A very large pair of famille rose turquoise-ground 'peach' fishbowls. Da Ya Zhai marks, Guangxu.  Photo Bonhams

Each enamelled with large leafy gnarled peach trees amidst nandina sprays, the trees bearing peach on one side, and peach blossom on the reverse, all reserved on a turquoise ground, with a key-fret border on yellow ground below the lipped rim enamelled with chrysanthemum scrolls, each bowl with an oval iron-red Da Ya Zhai mark within an oval frame flanked by a pair of dragons pursuing the flaming pearl above waves within a wider oval border. 51.5cm (20¼in) diam. (2). Sold for £333,600

Provenance: a Spanish private collection

The mark Da Ya Zhai (Studio of Greater Odes) has been associated with the Dowager Empress Cixi. Though no such hall has been identified, a wooden framed plaque has been found in the Imperial workshops, bearing the characters Da Ya Zhai and with one of two seals reading Tiandi Yijia Chun: see Guo Xingkuan and Wang Guangyao, Guanyang Yuci: Gugong bowuyuan cang Qingdai zhici guanyang yu Yuyao, Beijing, 2007, pp.145-147. According to the authors, in the 12th year of Tongzhi (1873) work began on the restoration of the Yuanming Yuan, and by 1874, the interior of the Tiandi Yijia Chun would have been in need of furnishing. Rosemary Scott in her article For Her Majesty's Pleasure - Dayazhai Porcelain, published by Christie's Hong Kong, 3 December 2008, p.23, suggests that the new-style porcelains were not produced until the Guangxu reign, and by the second year of Guangxu, 4,922 porcelains had been produced bearing both Dayazhai and Tiandi Yijia Chun marks. As the restoration work at the Yuanming Yuan had been halted for economic reasons, the vessels would have been delivered to the Forbidden City.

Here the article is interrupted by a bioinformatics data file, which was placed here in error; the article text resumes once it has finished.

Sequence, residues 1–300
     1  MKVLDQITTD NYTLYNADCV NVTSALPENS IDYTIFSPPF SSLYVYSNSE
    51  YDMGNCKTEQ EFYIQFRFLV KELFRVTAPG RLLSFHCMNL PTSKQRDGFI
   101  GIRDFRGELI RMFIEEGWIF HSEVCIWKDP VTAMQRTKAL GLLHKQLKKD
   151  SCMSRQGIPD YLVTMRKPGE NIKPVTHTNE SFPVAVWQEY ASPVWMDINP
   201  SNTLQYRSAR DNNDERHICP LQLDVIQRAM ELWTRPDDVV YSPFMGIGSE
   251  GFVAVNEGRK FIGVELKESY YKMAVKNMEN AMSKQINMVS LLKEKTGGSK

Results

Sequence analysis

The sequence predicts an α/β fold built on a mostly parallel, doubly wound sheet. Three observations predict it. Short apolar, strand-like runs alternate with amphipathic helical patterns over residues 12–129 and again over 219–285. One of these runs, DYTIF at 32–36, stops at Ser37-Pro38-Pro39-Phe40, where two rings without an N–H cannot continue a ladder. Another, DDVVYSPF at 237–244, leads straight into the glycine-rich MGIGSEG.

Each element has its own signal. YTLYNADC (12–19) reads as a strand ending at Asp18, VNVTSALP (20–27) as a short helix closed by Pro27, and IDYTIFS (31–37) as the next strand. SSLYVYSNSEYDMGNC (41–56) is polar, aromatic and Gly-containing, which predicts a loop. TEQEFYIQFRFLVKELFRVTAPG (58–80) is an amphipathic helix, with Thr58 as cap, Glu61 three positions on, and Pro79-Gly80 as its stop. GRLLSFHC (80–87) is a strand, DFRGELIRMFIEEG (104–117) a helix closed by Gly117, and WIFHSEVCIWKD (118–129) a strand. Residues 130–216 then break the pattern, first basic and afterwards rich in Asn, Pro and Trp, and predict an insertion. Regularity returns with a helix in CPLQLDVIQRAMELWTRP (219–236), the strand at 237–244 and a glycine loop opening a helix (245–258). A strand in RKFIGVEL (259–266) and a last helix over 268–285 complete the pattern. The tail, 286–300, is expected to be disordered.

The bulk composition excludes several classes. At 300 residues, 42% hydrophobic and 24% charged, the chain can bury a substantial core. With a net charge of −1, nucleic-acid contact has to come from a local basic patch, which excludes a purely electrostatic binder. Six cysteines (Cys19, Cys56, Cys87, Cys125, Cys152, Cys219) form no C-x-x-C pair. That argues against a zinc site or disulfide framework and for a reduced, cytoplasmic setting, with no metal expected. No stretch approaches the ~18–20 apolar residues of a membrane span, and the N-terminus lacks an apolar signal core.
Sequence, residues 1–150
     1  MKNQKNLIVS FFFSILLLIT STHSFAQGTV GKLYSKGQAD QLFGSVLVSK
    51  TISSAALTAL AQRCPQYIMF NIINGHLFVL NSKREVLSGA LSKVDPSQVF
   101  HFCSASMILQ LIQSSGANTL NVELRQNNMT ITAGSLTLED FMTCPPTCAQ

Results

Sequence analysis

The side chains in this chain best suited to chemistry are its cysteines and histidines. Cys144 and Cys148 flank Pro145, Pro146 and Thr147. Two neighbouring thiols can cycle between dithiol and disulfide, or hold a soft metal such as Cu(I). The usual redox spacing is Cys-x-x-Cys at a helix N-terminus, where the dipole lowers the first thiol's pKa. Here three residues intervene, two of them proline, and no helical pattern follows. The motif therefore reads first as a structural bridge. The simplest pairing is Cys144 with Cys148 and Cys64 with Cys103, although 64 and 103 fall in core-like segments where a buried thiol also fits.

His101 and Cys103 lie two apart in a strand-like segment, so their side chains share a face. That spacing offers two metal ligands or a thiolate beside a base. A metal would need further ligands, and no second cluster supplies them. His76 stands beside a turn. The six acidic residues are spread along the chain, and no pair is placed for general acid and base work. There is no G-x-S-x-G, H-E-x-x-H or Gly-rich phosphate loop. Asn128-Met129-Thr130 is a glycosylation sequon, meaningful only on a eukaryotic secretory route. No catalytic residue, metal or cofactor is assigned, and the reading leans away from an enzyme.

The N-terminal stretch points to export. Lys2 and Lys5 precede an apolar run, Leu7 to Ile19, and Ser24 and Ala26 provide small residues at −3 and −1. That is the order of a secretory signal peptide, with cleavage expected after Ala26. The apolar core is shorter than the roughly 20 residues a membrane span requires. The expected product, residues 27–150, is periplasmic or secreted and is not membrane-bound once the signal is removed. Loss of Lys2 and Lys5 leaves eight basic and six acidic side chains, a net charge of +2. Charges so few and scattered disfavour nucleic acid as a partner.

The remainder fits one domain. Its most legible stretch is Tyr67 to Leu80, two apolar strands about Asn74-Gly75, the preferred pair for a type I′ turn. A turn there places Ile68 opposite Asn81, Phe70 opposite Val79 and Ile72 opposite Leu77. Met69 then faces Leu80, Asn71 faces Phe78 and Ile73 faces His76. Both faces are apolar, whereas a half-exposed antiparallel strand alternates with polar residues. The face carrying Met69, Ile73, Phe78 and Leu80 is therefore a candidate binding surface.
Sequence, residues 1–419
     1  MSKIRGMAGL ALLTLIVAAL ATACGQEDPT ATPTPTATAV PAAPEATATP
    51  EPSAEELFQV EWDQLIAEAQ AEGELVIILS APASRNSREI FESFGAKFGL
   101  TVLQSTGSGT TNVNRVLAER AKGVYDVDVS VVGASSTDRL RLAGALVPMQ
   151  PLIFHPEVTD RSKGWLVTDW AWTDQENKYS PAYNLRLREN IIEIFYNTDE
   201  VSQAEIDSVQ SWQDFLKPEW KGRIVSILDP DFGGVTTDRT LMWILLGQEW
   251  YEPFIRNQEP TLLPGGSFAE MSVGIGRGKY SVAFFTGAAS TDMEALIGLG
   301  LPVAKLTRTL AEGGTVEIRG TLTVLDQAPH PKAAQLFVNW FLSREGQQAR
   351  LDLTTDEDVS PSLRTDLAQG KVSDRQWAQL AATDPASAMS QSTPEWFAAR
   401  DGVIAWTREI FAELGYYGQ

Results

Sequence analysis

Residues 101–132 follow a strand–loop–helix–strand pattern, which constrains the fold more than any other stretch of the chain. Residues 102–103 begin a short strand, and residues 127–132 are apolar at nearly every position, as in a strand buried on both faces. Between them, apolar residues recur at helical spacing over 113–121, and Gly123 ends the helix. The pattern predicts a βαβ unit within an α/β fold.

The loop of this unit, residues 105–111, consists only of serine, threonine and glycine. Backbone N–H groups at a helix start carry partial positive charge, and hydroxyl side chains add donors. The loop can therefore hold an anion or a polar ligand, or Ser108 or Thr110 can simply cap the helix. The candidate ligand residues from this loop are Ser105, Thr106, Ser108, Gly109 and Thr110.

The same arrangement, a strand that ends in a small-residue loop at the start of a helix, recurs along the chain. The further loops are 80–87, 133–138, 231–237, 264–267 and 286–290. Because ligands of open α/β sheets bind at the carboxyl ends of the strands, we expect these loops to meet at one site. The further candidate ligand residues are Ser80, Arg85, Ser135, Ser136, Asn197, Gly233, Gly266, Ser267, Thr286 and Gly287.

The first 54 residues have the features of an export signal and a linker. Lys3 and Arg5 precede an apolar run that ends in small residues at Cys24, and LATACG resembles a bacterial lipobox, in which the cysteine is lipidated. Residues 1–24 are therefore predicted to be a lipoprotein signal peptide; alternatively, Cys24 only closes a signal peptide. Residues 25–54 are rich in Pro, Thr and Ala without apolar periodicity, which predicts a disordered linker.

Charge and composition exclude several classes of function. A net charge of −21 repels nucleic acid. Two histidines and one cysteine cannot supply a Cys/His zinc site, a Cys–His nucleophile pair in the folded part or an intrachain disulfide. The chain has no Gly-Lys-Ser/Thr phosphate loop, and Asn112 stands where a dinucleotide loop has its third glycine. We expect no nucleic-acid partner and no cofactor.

Compare a very similar pair of fishbowls illustrated by Guo Xingkuan and Wang Guangyao, ibid.p.167.

Bonhams. Fine Chinese Art, 12 May 2011, New Bond Street www.bonhams.com